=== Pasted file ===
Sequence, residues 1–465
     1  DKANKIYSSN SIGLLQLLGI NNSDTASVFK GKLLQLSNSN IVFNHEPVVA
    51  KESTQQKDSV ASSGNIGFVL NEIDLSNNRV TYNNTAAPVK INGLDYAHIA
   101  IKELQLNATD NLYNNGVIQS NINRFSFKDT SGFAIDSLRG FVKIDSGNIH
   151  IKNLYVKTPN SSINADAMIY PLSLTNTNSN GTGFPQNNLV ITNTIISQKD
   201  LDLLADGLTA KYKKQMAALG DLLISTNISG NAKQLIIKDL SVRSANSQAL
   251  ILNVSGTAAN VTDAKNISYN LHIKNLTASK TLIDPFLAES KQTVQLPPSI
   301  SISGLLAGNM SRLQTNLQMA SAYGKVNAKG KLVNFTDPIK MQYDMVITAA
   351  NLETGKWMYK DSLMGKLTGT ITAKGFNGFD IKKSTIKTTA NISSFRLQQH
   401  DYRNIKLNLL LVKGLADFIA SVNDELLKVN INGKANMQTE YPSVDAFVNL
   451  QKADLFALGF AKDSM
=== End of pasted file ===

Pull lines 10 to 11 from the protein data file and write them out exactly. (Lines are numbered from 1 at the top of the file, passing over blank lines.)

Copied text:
   401  DYRNIKLNLL LVKGLADFIA SVNDELLKVN INGKANMQTE YPSVDAFVNL
   451  QKADLFALGF AKDSM